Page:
Going through the mail the other day, I found a check for $905.45.
Apparently, some overfed algorithm inferred that a retired couple of former Church workers could use extra cash.
It was a loan, not a gift, but preapproved — all we had to do was agree to the annual percentage rate of 94.87%.
In another envelope, there was a paper prayer rug with a picture of Jesus who looked like a Hindu swami with a thistle-woven skull cap.
Five-digit monetary blessings were promised. Just pray our need over it and return it, along with a donation. As it says in Proverbs, “Those who listen to instructions will prosper.”
At church, we heard Matthew’s version of Jesus preaching the Beatitudes in the Sermon on the Mount — the one where he promised blessings for the poor, the meek, the suffering of our world.
Later, I turned to the news. There was an update of a court case involving a monument of the Ten Commandments, and politicians extoling us a Christian nation.
For some reason, my mind took all these as synchronous, as interrelated, not just random events.
I’m a fan of the Ten Commandments and I do believe that our claimed faith should affect everything, including our politics.
However, if we must keep reminding everyone that we are Christian, then perhaps our actions are not sufficiently revealing that fact.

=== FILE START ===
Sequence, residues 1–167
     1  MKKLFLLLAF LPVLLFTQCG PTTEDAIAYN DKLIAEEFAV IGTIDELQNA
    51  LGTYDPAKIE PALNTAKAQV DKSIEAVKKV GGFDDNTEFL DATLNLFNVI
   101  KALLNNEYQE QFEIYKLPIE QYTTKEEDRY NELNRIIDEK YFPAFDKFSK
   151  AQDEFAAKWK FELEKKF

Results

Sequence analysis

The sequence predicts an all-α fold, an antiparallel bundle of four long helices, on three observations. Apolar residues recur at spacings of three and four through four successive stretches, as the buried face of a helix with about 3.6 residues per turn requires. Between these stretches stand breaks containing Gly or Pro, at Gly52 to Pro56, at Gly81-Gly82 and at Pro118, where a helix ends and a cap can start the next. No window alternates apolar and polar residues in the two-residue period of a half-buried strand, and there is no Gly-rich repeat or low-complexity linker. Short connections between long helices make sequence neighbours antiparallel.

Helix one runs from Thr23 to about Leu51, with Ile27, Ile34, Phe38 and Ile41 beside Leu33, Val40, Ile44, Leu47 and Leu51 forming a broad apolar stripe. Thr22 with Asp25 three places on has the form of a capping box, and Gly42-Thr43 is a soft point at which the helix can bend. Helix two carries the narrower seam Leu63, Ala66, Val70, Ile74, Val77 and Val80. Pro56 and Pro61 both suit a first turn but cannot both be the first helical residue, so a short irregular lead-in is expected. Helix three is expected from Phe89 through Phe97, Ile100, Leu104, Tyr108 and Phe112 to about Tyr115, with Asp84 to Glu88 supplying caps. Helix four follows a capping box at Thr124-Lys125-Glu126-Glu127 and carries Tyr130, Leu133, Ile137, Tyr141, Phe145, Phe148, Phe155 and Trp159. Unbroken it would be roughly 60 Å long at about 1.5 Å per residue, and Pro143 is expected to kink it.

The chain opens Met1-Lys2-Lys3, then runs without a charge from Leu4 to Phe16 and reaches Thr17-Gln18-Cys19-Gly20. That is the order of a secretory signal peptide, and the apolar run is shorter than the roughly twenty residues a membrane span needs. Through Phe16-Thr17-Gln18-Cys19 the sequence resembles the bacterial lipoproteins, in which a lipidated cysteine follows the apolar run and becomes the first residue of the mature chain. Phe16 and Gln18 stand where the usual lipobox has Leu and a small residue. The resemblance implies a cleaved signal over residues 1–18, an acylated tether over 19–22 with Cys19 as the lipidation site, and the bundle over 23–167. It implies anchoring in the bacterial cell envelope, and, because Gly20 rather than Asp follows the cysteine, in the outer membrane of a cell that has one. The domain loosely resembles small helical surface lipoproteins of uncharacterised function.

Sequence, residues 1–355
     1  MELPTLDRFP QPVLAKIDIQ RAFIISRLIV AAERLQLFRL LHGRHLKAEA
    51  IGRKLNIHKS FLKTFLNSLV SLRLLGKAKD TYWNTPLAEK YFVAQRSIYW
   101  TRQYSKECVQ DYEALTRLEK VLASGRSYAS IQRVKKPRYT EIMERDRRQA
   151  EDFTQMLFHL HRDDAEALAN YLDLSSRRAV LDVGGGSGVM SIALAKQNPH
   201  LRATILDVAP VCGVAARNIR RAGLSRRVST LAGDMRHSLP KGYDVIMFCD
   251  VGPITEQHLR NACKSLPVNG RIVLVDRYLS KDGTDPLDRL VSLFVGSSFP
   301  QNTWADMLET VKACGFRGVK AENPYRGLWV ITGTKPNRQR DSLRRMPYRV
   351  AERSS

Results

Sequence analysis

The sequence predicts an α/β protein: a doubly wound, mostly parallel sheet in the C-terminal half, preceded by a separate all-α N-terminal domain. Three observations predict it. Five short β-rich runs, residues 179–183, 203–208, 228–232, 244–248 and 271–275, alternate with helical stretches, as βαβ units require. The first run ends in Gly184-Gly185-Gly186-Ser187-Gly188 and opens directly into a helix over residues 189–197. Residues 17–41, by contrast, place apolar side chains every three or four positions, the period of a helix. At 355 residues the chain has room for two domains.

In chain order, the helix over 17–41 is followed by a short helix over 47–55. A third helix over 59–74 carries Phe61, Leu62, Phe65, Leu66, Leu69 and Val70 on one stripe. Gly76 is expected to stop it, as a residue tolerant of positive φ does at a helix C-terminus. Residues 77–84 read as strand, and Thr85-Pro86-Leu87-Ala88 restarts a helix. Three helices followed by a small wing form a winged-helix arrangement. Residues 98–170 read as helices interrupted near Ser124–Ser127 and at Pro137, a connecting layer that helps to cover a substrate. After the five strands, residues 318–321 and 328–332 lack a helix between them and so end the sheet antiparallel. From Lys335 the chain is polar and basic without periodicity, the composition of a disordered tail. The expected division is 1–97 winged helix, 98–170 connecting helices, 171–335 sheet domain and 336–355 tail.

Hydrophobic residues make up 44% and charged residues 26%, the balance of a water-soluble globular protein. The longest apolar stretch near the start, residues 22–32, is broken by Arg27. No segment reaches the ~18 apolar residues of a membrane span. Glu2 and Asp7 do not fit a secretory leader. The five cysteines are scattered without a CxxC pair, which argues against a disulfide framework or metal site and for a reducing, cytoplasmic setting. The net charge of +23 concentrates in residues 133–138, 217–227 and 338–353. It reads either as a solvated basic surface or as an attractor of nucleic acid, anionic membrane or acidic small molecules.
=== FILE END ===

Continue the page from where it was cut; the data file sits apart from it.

And while the Ten Commandments are a solid foundation, and law a necessary structure built on them, it is still legal to prey on the poor and the desperate.
I wondered what it would be like if we put a little more emphasis on the Beatitudes, not as something carved in stone, but something etched in our hearts.
I know that would be a big leap. Jesus seems to be talking to the have-nots, oppressed, the victims of fate and society.
He is talking about humble recipients of mercy, not proud providers of justice.
He is talking about rewards delayed, or at least underplayed by today’s standards.
This is not who we are, not who we wish to be. Yet, according to the Preacher, it is the weak, the needy, the mistreated who will be most blessed.
Maybe try reading the Beatitudes in the first person. “Blessed am I when I’m merciful ... meek ... poor in spirit ... pure of heart.”
We might find that, here in our pain, our lostness, and our ultimate dependence, we are most Christian, most loving and most blessed.